Guardianships

 

 

Guardianships – Frequently asked questions:

 

What is guardianship?
Guardianship is a court proceeding in which a judge gives someone who is not the parent:

  1. custody of a child, [the physical body] or
  2. the power to manage the child’s property (called “estate”, the assets/money), or
  3. both.

 

This can be a relative, friend or someone else willing to step into the role. It is particularly important to do this if you want to name someone out of state because it may be that your state will require the Guardian to be a resident of the state otherwise. The information on this page is about Probate Guardianships. NOTE: Guardianships are often handled in probate court. But if a child is a dependent of the juvenile court, or if Child Protective Services (CPS) is involved, only the juvenile court can appoint a legal guardian for the child.

 

What is Probate Guardianship?
Probate Guardianship of the Person is set up because a child is living with an adult who is not a parent, and the adult needs the legal right to make decisions on behalf of the child.

There are two types of Probate Guardianship:>

  1. Guardianship of the Person which means the guardian has custody of the child. [the physical body]
  2. Guardianship of the Estate which means the guardian manages the child’s income, money or other property until the child turns 18. [ the assets/money]

 

You can write a letter naming a guardian for your children and keep it with your important papers or write in your Will who you want to be the guardian of your children when you pass away. But if both parents are dead, the court will decide who the guardian is. The court will try to appoint the person you wanted. But, the court will also consider what is best for your child and will ask the child what s/he wants depending on the age of the child. A child over 12 can voice an opinion.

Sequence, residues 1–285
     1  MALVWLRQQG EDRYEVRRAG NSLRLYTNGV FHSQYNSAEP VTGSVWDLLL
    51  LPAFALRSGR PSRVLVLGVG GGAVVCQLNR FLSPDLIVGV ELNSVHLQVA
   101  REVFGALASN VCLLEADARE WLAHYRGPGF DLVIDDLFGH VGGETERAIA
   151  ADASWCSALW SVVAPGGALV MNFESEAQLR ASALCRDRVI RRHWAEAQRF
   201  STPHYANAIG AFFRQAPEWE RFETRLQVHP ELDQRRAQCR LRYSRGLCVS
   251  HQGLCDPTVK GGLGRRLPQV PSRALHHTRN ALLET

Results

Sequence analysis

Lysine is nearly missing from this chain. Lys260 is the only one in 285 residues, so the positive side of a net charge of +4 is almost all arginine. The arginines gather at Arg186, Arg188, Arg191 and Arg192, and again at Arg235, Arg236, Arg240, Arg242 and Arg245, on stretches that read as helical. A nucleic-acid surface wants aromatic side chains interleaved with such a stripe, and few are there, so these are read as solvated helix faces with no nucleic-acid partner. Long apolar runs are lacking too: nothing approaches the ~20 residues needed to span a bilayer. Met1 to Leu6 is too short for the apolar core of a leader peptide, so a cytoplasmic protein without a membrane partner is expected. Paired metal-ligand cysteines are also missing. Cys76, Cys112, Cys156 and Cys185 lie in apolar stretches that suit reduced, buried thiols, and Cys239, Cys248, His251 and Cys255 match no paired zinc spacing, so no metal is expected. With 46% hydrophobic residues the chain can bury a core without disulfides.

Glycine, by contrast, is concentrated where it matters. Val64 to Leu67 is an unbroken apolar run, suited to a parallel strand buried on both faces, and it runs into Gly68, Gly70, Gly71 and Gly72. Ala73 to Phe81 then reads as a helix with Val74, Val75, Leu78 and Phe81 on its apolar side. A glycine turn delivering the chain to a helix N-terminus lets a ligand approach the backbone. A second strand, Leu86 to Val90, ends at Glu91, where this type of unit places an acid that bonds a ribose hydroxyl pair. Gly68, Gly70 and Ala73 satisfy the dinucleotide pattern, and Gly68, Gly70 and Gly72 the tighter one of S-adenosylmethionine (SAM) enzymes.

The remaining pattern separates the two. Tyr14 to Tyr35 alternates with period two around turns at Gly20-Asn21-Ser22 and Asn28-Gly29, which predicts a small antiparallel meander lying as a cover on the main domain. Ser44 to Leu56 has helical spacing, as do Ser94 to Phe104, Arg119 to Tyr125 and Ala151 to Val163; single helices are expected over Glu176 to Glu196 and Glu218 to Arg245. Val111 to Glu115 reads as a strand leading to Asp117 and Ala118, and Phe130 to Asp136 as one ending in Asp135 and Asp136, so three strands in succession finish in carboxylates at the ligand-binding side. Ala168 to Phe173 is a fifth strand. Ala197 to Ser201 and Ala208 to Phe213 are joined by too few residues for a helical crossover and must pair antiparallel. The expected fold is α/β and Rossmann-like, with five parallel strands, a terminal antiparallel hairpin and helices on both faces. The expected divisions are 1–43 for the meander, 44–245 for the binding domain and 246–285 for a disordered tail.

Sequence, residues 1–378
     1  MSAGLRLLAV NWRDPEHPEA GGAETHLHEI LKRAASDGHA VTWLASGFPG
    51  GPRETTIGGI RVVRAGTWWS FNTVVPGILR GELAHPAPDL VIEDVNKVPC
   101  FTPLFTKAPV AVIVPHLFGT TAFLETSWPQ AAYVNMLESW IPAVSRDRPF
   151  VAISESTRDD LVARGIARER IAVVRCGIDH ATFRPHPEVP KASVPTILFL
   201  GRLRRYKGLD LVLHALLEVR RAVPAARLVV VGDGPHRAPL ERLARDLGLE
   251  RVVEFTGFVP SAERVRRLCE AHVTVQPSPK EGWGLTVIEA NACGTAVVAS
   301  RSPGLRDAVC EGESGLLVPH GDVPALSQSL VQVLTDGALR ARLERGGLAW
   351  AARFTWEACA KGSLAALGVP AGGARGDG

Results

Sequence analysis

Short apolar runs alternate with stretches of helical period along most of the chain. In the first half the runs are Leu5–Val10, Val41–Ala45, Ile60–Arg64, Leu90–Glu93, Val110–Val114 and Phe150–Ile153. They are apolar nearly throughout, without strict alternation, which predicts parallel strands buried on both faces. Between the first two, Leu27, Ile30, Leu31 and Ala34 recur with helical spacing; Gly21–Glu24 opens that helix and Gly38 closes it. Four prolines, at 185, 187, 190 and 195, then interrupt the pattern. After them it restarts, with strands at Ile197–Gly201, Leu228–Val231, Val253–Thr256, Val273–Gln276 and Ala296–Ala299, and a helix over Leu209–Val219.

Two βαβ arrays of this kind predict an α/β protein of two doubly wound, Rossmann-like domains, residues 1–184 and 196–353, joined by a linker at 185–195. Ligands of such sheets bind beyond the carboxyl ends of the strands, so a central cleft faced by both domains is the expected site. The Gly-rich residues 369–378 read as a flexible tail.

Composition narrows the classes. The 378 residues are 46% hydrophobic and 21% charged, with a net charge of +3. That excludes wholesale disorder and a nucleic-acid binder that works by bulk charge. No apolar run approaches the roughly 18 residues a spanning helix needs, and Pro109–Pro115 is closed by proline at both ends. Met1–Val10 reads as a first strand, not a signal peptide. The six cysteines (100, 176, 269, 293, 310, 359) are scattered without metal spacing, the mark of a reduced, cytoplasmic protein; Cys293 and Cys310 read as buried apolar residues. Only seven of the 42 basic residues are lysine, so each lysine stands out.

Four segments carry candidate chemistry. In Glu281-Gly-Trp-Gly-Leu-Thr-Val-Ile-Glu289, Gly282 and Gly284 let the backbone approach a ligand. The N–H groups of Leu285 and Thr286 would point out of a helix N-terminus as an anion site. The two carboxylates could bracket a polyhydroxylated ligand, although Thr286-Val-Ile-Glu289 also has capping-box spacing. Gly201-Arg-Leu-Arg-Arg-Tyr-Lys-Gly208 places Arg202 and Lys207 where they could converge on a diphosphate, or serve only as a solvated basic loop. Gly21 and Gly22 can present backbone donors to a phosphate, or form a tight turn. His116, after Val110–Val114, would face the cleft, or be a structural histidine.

What does a Guardian of the Person do?
For the most part, the guardian has the same responsibilities as a parent. That means the guardian has full legal and physical custody of the child. The guardian is responsible for the child’s care, including the child’s:

  • Food, clothing and shelter
  • Safety and protection
  • Physical and emotional growth
  • Medical and dental care
  • Education and any special needs
  • The guardian may also be responsible for the child’s behavior and any damage the child may cause.

 

What does a Guardian of an Estate do?

A guardianship of the estate is set up to manage a child’s income, money, or other property until the child turns 18. A child may need a guardian of the estate if s/he inherits money or assets. In most cases, the court appoints the surviving parent to be the guardian of the child’s estate.

In some cases the same person can be the guardian of the person and of the estate. In other cases, the court will appoint two different people. The guardian of the estate’s must:

  • manage the child’s money,
  • make smart investments, and
  • manage the child’s property carefully.

 

When is a guardianship of the estate not needed?
A guardianship of the estate is not needed when:

  • a child has no assets or inheritance
  • a child only owns inexpensive toys and clothing,
  • the child receives social security benefits or TANF/CalWorks (welfare)

 

Why would a child need a guardian?
Sometimes, no matter how much parents love their child, they aren’t able to take care of their child. Maybe one or both parents:

  • have a serious physical illness,